If you ever argue with conservative friends about voter-ID laws, invariably they will bring up the threat of “zombie voters” — fraudulent votes cast in the name of people who were already dead on election day.
In truth, zombie voters are as much of a myth as zombies in general. But you’ll never convince your friends of that, because they’ve seen countless segments on Fox News in which some Republican official announces — in terms that seem too specific to be made up — that dead people have voted. It’s a very convincing technique that goes back to Joe McCarthy’s list of 205 known Communists in the State Department in 1950. (If he’d just said generally that there were some Communists in the State Department, people might have thought he was exaggerating for effect. But a list of 205 of them! He couldn’t make that up, could he?)
The story always goes like this: A computer search produces a list of possible zombie voters, and the right-wing media goes wild with calls for voter ID laws (always conveniently designed to make voting harder for Democratic-leaning blocs of marginal voters like college students, the disabled, and the urban poor). If anybody investigates further, though, a few months later they’ll have discovered that none of the cases pan out. No actual zombies are found. But because that outcome is boring, nobody covers it — least of all Fox.
The most recent example of this pattern comes from South Carolina. In January of 2012, SC Attorney General Alan Wilson was making the tour of conservative media outlets, saying stuff like this:
we found out that there were over 900 people who died and then subsequently voted. That number could be even higher than that, Bill. So this is just an example.
We know for a fact that there are deceased people whose identities are being used in elections in South Carolina.
More specifically, the state DMV had compared its death data against the voting records for the previous six years and found “953 ballots cast by voters listed as dead“!
At least that was the story until they started showing those 953 names to people who actually know something about elections. Testifying to the legislature, State Elections Commissioner Marci Andino explained the six names she had seen from one county:
one had cast an absentee ballot before dying; another was the result of a poll worker mistakenly marking the voter as his deceased father; two were clerical errors resulting from stray marks on voter registration lists detected by a scanner; and two others resulted from poll managers incorrectly marking the name of the voter in question instead of the voter above or below on the list.
This kind of stuff happens all the time — poll workers are mostly volunteers, after all — and explains why the zombie-voter story is itself impossible to kill: You could do a similar records search after any election anywhere, and come up with a similar list of possible zombie voters. The existence of such a list sounds horrifying, but it says nothing about the integrity of the election.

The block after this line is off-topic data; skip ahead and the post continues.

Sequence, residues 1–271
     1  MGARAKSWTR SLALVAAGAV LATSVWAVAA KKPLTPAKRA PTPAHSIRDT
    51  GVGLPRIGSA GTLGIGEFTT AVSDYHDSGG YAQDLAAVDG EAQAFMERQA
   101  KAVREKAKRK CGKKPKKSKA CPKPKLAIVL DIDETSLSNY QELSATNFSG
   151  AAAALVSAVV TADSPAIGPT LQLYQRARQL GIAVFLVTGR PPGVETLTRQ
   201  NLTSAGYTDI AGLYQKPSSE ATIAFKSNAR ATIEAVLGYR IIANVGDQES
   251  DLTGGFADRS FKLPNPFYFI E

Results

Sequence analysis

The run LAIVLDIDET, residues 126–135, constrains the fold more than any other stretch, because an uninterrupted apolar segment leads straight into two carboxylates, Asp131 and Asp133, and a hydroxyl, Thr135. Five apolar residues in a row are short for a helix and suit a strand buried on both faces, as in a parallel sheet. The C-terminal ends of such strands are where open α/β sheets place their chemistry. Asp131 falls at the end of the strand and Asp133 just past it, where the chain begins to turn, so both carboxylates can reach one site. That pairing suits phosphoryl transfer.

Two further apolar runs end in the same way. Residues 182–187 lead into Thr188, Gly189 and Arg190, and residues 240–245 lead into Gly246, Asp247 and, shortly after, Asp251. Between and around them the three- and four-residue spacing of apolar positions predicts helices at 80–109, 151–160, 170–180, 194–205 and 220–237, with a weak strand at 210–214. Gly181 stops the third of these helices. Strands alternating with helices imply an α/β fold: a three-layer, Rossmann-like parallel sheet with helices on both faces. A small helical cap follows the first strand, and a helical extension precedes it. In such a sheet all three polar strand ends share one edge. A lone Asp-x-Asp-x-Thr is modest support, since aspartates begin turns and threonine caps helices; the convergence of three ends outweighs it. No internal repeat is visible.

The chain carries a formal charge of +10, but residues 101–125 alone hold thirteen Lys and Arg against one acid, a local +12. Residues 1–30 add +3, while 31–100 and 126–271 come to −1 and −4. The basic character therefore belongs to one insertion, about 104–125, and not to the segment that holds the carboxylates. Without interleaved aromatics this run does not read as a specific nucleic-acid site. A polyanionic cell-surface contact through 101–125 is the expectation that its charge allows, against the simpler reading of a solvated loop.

So OK, 953 is an exaggeration. But if you went through all the names, you’d find some zombie voters, right? By April, the State Election Commission had gone through all 207 cases from the 2010 election and had explained all but 10 of them, with no clear zombie-voter evidence even in those 10. State police later whittled those 10 down to 3, and recommended no further investigation.
I expect we’ll wait a long time for Fox to bring Alan Wilson back to comment on this, but fortunately Columbia, S.C.’s weekly Free Times stuck with the story and made an open-records request to get the South Carolina Law Enforcement Division’s final 500-page report on the 953 zombie voters. On July 3, FT reported:
a state police investigation found no indication that anyone purposefully cast a ballot using the name of a dead person in South Carolina. … SLED found no indication of voter fraud.
That result probably didn’t surprise election expert Richard Hasan, who told Bill Moyers last September:
It’s no surprise that the numbers [of prosecutions] are so low, because voter impersonation fraud is an exceedingly dumb way to try to steal an election.
Why is it dumb? You have to steal votes one-by-one, in a time-consuming way, and you face the constant possibility that you might be caught by a poll worker who knew the person you’re claiming to be, or saw the obituary in the local newspaper. To swing an election that way, you’d need a large conspiracy. Somebody would get caught, and somebody would talk. It’s not worth the risk.
So has anybody ever successfully voted more than once by impersonating a dead person? Maybe, somewhere. It’s not impossible. But does anyone organize such efforts to produce enough zombie votes to sway an election (even a very close election)? Pretty conclusively, the answer is no.
Just look at South Carolina in 2010. Around 1.3 million votes were cast in a moderately close governor’s race that year, which Nikki Haley won by 60,000. How many of those votes came from dead-person impersonators? Possibly zero, but after extensive investigation we can be sure that there were no more than 3.